Monday, October 25

Communication & the Delivery Fee

Despite no longer being a pizza delivery driver I still find myself trying to get the message out about tipping. One of the most common reasons I hear for not tipping or for tipping poorly is that there is a delivery fee, so I thought that I'd take a moment to address this issue.

First, the delivery fee goes to the store, not the driver.

I can not speak for every store, but I know that at least for most major chains, this is the case. Willful ignorance is not an excuse; If you really want to know, ask the store manager where the delivery fee goes. Be careful how you word your question. For example, "Does the delivery fee go to the driver?" is likely to be answered with "We pay our drivers a per trip amount." What this means is that, for example, you paid a $2 delivery fee and separately the store pays the driver $1.20 per delivery. It can be argued that since one goes into the store's bank account and the other comes out of it, that it follows that the $1.20 comes out of the $2, which is simply not the case. Managers are happy to perpetuate this misunderstanding as it makes the Corporation look less evil and therefore (they think) makes you less likely to quit buying from them over ethical grounds.

The store is legally obligated to pay the per-trip amount regardless of the presence, absence, or amount of the delivery fee. Another way you know this is that the delivery fee is not included in their taxable wages, it is considered a reimbursement for using their own car. It is not included in calculating whether or not the driver made minimum wage. No matter how many deliveries a driver makes, if no one tipped, they made less than minimum wage. If you ask, "Is the delivery fee a tip to the driver?" or "Does the entire delivery go to the driver in addition to their normal wages?" the answer will be that it is not a tip and that it does not go to the driver.

Second, if your intention is to tell the store that you are not okay with the delivery fee or its distribution, reducing the driver's tip is not getting your message across.

The fundamental purpose of communication is to get a message from you to an audience in a way that can be understood.

Your message might be:
I do not like paying a delivery fee.
I feel that the delivery fee should go to the driver therefore reducing my tipping obligation.

Your audience:
Pizzeria wage and fee policy decision maker

Your hoped for response from the audience:
Eliminate the delivery fee.
Pay the delivery fee to the driver and reduce the amount of expected tip.

The problem with reducing the tip to get your message across is that the delivery driver has no way of knowing that you are giving a message nor a way to deliver that message. Nothing sets you apart from people who are not tipping for any of the following reasons: they don't feel like it, they're jerks, they have no empathy, they feel superior to delivery people and want to make sure that the delivery person knows it, they forgot, they're cheap, etc.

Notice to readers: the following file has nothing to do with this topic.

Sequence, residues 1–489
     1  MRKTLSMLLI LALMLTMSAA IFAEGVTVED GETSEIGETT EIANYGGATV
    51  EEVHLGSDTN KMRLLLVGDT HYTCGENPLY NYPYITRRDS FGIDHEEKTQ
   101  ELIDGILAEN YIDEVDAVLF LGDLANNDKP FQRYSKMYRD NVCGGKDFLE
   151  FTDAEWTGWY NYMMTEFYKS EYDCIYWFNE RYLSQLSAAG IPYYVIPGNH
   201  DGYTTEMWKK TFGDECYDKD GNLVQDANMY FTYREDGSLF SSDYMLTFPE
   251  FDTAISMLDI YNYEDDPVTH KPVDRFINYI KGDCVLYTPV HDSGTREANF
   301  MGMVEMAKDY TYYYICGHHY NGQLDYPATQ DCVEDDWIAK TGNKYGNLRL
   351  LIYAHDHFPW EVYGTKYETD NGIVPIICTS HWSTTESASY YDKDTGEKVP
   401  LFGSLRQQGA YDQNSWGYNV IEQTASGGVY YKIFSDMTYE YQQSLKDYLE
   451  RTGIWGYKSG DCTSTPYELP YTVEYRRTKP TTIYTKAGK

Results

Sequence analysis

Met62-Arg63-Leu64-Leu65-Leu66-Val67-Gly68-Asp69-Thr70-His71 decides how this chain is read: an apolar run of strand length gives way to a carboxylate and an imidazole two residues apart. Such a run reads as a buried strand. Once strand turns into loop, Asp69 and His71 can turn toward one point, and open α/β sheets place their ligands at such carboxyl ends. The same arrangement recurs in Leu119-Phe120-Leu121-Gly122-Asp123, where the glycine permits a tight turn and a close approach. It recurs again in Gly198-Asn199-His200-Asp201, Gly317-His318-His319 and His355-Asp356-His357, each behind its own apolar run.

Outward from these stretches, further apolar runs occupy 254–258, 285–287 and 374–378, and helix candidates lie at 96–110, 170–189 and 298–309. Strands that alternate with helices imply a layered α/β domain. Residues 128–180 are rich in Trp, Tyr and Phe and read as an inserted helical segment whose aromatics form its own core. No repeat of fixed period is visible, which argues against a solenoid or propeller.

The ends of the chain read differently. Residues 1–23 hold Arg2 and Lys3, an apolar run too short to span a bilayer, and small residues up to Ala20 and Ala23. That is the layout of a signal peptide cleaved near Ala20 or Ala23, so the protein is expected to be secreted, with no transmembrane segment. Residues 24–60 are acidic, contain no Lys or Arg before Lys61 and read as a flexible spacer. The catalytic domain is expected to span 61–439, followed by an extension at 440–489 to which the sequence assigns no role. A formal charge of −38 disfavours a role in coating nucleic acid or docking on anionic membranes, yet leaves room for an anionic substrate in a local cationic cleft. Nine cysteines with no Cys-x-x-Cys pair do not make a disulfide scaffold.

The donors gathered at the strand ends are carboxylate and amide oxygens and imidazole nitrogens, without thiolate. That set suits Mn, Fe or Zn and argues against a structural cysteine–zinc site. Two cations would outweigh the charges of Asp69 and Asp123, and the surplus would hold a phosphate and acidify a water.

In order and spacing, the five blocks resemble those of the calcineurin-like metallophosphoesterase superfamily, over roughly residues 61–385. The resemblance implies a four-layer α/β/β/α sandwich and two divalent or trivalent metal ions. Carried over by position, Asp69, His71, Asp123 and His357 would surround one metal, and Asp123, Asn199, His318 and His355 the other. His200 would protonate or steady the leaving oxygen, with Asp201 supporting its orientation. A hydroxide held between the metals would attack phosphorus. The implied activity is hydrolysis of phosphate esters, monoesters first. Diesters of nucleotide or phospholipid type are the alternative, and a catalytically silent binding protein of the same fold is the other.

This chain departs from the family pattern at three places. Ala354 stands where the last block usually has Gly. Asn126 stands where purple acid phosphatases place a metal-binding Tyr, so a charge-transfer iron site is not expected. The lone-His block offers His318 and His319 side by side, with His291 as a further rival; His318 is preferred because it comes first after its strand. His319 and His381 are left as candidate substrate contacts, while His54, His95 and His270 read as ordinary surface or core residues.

Every time you don't tip, the delivery driver assumes the message is:
I'm a cheap, lazy, asshole who wants you to know that I have more power in this relationship.

The driver assumes that the intended audience is themselves (and possibly the world). There's no reason for the message to go farther.

You assume that this communication might work something like this:
You reduce the tip -> Everyone else reduces their tip -> Unhappy with their wages the delivery driver pressures their manager for better wages -> management complies


You reduce the tip upon institution of a delivery fee -> The driver's aggregate wages are reduced -> The driver pressures management to take away the delivery fee -> management complies

What really happens:
You reduce the tip (assume here, despite an enormous stretch of the imagination since in 18 months of delivering I was never told this by a customer despite reassurance by many people on the internet that this is, in fact, the reason that they are not tipping, that you've told the delivery driver explicitly that you have done so because of the delivery fee) -> The delivery driver tells you that the delivery fee doesn't go to them -> You say that they should tell that to their manager -> The driver tells his manager -> The manager tells the driver that they have no control over wages, that's set by corporate


The driver tells his manager -> The manager says that he can't keep prices competitive without having a delivery fee because all of the other chains are able to lower their "prices" because they're collecting this miscellaneous $2 on all of their deliveries